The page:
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Scand J Prim Health Care. 2010 Dec;28(4):229-36. doi: 10.3109/02813432.2010.506995. Epub 2010 Aug 13.

Influence of CRP testing and clinical findings on antibiotic prescribing in adults presenting with acute cough in primary care.

Author information

1
Department of Community Medicine, University of Tromsø, Tromsø, Norway. Kristin.jakobsen@uit.no

Abstract

OBJECTIVE:

Respiratory tract infections are the most common indication for antibiotic prescribing in primary care. The value of clinical findings in lower respiratory tract infection (LRTI) is known to be overrated. This study aimed to determine the independent influence of a point of care test (POCT) for C-reactive protein (CRP) on the prescription of antibiotics in patients with acute cough or symptoms suggestive of LRTI, and how symptoms and chest findings influence the decision to prescribe when the test is and is not used.

DESIGN:

Prospective observational study of presentation and management of acute cough/LRTI in adults.

SETTING:

Primary care research networks in Norway, Sweden, and Wales.

SUBJECTS:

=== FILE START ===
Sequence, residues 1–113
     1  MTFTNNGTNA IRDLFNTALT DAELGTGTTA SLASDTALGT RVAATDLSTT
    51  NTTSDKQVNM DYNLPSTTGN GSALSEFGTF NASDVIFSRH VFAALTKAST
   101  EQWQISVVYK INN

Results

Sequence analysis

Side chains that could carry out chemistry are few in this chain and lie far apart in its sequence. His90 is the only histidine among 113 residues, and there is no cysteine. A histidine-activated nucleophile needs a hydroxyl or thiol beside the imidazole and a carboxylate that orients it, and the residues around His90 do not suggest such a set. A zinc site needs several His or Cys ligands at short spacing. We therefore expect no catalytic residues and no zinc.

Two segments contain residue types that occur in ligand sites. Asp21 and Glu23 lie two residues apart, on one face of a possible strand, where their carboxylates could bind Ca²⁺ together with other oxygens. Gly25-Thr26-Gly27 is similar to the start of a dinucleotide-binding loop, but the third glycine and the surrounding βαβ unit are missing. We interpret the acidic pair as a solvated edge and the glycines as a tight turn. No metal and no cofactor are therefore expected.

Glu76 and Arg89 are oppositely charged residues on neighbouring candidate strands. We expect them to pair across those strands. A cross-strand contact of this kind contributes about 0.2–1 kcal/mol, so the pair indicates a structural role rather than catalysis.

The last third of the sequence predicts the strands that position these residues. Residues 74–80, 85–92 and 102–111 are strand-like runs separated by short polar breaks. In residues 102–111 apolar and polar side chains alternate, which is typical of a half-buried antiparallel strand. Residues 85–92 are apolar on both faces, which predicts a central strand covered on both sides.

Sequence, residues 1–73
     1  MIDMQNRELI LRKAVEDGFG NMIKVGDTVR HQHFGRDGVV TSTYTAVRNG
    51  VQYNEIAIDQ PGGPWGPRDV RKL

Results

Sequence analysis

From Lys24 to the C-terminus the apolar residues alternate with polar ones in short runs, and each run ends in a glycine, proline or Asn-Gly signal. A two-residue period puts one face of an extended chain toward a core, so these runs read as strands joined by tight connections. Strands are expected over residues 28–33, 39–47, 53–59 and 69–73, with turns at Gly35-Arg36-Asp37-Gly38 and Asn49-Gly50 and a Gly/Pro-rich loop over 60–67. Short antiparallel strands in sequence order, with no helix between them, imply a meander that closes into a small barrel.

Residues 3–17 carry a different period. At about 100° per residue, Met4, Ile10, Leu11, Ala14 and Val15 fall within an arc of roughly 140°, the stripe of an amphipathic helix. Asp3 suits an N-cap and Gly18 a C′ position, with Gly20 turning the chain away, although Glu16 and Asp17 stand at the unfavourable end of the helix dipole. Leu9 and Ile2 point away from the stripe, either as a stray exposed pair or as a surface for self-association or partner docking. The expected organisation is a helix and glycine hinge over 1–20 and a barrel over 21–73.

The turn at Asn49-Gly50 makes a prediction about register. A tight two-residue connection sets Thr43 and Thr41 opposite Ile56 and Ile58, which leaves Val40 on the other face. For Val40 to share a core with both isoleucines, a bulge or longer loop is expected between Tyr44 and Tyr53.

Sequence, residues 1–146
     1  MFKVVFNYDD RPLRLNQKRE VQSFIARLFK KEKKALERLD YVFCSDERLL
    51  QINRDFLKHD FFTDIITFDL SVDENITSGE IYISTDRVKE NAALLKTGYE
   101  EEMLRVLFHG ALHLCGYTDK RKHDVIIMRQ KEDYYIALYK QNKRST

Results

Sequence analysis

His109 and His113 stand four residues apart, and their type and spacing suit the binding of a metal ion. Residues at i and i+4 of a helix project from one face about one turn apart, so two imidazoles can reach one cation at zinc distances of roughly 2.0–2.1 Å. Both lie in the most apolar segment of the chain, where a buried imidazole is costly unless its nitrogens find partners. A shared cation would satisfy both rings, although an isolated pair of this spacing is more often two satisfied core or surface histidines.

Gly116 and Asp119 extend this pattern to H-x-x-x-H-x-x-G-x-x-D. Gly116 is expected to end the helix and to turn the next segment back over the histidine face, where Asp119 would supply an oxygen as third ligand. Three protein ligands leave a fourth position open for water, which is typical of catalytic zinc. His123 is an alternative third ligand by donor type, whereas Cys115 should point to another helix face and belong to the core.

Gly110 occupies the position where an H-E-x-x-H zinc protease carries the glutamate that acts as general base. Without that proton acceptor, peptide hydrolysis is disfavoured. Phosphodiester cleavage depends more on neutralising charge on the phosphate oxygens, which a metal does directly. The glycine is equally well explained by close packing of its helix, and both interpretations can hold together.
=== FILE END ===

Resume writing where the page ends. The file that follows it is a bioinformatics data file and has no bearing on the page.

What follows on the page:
Adult patients contacting their GP with symptoms of acute cough/LRTI.

MAIN OUTCOME MEASURES:

Predictors of antibiotic prescribing were evaluated in those tested and those not tested with a POCT for CRP using logistic regression and receiver operating characteristic (ROC) curve analysis.

RESULTS:

A total of 803 patients were recruited in the three networks. Among the 372 patients tested with a POCT for CRP, the CRP value was the strongest independent predictor of antibiotic prescribing, with an odds ratio (OR) of CRP ≥ 50 mg/L of 98.1. Crackles on auscultation and a patient preference for antibiotics perceived by the GP were the strongest predictors of antibiotic prescribing when the CRP test was not used.

CONCLUSIONS:

The CRP result is a major influence in the decision whether or not to prescribe antibiotics for acute cough. Clinicians attach less weight to discoloured sputum and abnormal lung sounds when a CRP value is available. CRP testing could prevent undue reliance on clinical features that poorly predict benefit from antibiotic treatment.

PMID:
20704523
PMCID:
PMC3444795
DOI:
10.3109/02813432.2010.506995
[Indexed for MEDLINE]
Free PMC Article

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